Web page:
Depending on who you ask, the reason people love the Samsung Galaxy S4 is because it features the power of Google's (NASDAQ: GOOG ) Android OS; or the one factor holding Samsung back is the fact that it features an undifferentiated OS like Android. As the manufacturer of the single best selling line of Android devices, Samsung is positioning itself to have an increasingly persuasive voice with Google. This is even more notable when you consider that at the recent release party that Samsung threw for the Galaxy S4, Android was not mentioned.
Furthermore, Samsung is developing its own ecosystem that may position it to more directly compete with Google. This development becomes harder to overlook when you consider the steps Samsung is taking to bring its own OS -- Tizen -- to market with Intel chips. Ultimately, as good a partner as Samsung has been, these two are on a collision course to conflict.
Ecosystems are the new driving force
While there has always been an inexorable connection between software and hardware, Apple (NASDAQ: AAPL ) has created and executed the current paradigm for consumer electronics with its iOS ecosystem. Going back to the 2012 Consumer Electronics Show, CNET's Matthew Moskovciak wrote:
The "ecosystem" concept started bubbling up last year at CES. Back then, companies like Samsung and Vizio were talking about creating tablets that talked to their TVs and app stores that could integrate their mobile devices into the entire living room full of devices. Apple is the model, of course, having already closed the loop on what Steve Jobs originally dubbed the "digital hub" back in 2001.
Apple created the model that everyone else is chasing, and it defines some of the critical battle lines between Samsung and Google.
Similar to Apple's iOS ecosystem, Google's Android is well established. The Samsung foray into this space is less developed, but is growing rapidly. Specifically designed Samsung Apps allow users to manage their media files between various Samsung devices, and, while they can be accessed by other Samsung devices, they are not accessible on other Android devices . As the company describes it: "The Samsung Media Hub app brings all-star entertainment to the Galaxy S smartphones and the Galaxy Tab. The app is preloaded on your device so you can instantly enjoy a diverse selection of movies and TV shows that start playing while they download."
Samsung has been slowly testing the waters, including the Media Hub on devices to get users accustomed to using multiple platforms with their devices. This has given the company an unusual ability to work inside an already established ecosystem. These closed environments are extremely difficult to break into -- unless you are invited in through the front door. So the seeds of a frenemy-ship are sown.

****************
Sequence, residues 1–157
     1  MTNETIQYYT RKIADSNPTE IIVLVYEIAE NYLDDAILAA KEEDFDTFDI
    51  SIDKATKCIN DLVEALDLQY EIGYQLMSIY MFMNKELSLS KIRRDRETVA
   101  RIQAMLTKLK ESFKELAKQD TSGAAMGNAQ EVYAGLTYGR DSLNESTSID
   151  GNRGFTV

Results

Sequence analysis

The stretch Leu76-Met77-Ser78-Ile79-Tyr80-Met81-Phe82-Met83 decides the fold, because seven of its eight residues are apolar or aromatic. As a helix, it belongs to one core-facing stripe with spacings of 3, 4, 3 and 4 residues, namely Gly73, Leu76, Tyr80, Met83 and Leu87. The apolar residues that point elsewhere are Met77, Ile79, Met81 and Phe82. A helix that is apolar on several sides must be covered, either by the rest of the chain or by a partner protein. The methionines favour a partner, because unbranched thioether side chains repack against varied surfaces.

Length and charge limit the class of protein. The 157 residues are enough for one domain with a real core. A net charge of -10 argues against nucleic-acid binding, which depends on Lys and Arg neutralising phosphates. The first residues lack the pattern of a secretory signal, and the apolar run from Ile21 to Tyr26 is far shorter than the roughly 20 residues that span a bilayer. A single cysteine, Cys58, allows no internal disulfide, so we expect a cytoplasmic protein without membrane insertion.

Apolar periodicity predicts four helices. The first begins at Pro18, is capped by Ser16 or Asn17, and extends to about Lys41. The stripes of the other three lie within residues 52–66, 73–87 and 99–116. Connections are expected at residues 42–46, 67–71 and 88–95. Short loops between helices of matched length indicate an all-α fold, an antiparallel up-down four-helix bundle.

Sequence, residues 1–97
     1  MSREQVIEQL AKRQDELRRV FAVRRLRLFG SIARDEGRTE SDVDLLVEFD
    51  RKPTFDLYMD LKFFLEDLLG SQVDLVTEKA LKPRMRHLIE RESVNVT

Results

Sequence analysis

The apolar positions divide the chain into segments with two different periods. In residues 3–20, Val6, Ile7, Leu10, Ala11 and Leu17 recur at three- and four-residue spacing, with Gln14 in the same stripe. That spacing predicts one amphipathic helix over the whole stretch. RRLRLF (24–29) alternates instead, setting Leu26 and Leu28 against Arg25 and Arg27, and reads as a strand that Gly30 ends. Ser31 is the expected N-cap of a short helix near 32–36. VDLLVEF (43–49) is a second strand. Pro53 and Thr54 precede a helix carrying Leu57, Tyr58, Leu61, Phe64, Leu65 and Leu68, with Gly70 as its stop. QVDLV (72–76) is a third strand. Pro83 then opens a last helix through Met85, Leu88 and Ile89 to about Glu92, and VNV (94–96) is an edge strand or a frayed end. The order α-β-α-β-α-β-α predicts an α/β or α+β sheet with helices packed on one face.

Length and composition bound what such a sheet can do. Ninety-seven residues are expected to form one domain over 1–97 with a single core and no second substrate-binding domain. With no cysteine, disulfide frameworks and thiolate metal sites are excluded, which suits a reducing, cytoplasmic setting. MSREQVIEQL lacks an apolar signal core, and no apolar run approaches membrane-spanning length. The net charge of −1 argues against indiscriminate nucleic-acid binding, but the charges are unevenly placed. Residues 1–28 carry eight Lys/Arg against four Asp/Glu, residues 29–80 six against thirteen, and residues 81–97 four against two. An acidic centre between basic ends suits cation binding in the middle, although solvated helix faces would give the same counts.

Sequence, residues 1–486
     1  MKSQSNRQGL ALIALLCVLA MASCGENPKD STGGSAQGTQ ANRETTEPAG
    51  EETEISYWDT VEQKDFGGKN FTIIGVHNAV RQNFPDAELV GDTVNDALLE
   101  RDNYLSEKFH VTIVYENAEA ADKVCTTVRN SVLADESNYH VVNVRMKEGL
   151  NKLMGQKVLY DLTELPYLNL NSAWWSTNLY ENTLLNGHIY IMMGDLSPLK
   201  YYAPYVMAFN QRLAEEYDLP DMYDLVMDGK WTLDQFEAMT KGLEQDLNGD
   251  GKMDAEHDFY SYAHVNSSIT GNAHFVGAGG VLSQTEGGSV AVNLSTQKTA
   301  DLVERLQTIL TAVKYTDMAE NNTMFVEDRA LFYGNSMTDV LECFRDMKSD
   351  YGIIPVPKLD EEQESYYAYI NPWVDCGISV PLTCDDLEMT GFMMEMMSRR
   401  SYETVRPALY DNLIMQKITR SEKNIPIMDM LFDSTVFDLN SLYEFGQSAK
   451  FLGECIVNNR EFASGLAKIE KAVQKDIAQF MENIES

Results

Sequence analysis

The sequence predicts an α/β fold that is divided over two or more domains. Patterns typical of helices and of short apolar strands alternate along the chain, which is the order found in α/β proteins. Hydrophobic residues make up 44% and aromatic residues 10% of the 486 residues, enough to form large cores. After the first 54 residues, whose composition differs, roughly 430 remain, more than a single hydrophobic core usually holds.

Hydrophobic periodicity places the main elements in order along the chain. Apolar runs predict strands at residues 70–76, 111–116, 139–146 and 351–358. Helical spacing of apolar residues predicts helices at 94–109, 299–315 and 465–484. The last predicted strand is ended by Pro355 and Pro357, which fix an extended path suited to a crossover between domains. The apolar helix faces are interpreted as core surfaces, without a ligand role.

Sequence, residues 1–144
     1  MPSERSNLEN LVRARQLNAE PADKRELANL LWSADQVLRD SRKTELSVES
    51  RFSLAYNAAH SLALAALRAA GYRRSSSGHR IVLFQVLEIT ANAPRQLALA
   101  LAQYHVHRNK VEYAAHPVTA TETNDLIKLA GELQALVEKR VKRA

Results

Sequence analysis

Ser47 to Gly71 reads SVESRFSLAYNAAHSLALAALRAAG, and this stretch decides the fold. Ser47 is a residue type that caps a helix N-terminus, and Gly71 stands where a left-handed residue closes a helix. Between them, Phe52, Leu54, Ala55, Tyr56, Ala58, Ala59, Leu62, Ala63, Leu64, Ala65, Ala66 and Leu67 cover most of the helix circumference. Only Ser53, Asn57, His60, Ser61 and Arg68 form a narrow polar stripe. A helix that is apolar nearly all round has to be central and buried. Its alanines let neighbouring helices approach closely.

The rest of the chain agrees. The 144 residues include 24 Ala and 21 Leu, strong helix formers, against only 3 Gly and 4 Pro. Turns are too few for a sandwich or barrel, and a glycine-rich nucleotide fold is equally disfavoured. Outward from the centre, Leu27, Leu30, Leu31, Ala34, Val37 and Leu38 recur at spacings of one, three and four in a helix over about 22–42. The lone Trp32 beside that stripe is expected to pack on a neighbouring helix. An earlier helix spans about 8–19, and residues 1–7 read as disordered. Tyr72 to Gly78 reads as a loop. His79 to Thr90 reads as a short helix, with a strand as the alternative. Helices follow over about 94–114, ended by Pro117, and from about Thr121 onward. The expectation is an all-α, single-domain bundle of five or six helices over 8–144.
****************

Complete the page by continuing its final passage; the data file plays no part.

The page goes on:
A new operating system
Samsung recently announced that by August it may release a new smartphone that works on its open source operating system called Tizen. The premium device planned for release at the end of the summer will give developers even more control in writing software to utilize the new platform. It is the result of a collaboration of several hardware manufacturers including Huawei Technologies, China's largest manufacturer of telecommunications equipment.
Many see the move by Samsung as a direct response to Google's purchase of Motorola Mobility for $12 billion. This move was viewed as a precautionary response to the nearly 40% market share achieved by Samsung devices, making it the largest manufacturer of Android products by a significant margin. 96% of Samsung's sales come from Android-based devices, meaning that the Tizen response is a safety measure taken to protect against a safety measure. This is how true frenemies distrustfully work together.
Even Samsung, however, realizes that the move is a risk that could sour the relationship. If Google becomes the single dominate player in the market place -- think Mr. Softy and Windows -- the less-than-friendly move might sting Samsung in the end. Even with Android gobbling up market share, it is hard to imagine a world where iOS loses relevance. As long as consumers are willing to accept multiple OS alternatives, the move seems a sensible one by the South Korean firm.
As we have seen from huge patent cases between technology firms with ongoing supplier relationships, many companies in the space openly fight with one another and simultaneously relying on each other's products. Battle lines between operating system, ecosystems, and hardware make Samsung and Google very probable frenemies that, at least for now, are much better as a team in the smartphone and tablet spaces than they are on their own. Each have independent business lines that make them formidable opponents, but as these titans dance with each other for dominant position, both remain strong in the industry.
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